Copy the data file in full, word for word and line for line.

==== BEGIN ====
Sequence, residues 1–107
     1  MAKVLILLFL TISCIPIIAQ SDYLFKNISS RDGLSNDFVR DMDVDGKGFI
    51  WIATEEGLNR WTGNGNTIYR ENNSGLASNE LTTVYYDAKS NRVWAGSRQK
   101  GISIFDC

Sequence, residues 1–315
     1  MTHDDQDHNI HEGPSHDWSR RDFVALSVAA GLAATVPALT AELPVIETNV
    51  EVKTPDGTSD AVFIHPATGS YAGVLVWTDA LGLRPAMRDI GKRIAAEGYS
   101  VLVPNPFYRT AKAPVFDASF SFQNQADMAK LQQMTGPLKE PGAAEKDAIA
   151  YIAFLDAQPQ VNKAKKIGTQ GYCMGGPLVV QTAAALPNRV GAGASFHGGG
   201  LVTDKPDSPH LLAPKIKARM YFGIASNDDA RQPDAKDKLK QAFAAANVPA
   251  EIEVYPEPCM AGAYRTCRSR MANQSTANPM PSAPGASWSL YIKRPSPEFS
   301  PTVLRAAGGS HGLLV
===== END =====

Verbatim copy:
Sequence, residues 1–107
     1  MAKVLILLFL TISCIPIIAQ SDYLFKNISS RDGLSNDFVR DMDVDGKGFI
    51  WIATEEGLNR WTGNGNTIYR ENNSGLASNE LTTVYYDAKS NRVWAGSRQK
   101  GISIFDC

Sequence, residues 1–315
     1  MTHDDQDHNI HEGPSHDWSR RDFVALSVAA GLAATVPALT AELPVIETNV
    51  EVKTPDGTSD AVFIHPATGS YAGVLVWTDA LGLRPAMRDI GKRIAAEGYS
   101  VLVPNPFYRT AKAPVFDASF SFQNQADMAK LQQMTGPLKE PGAAEKDAIA
   151  YIAFLDAQPQ VNKAKKIGTQ GYCMGGPLVV QTAAALPNRV GAGASFHGGG
   201  LVTDKPDSPH LLAPKIKARM YFGIASNDDA RQPDAKDKLK QAFAAANVPA
   251  EIEVYPEPCM AGAYRTCRSR MANQSTANPM PSAPGASWSL YIKRPSPEFS
   301  PTVLRAAGGS HGLLV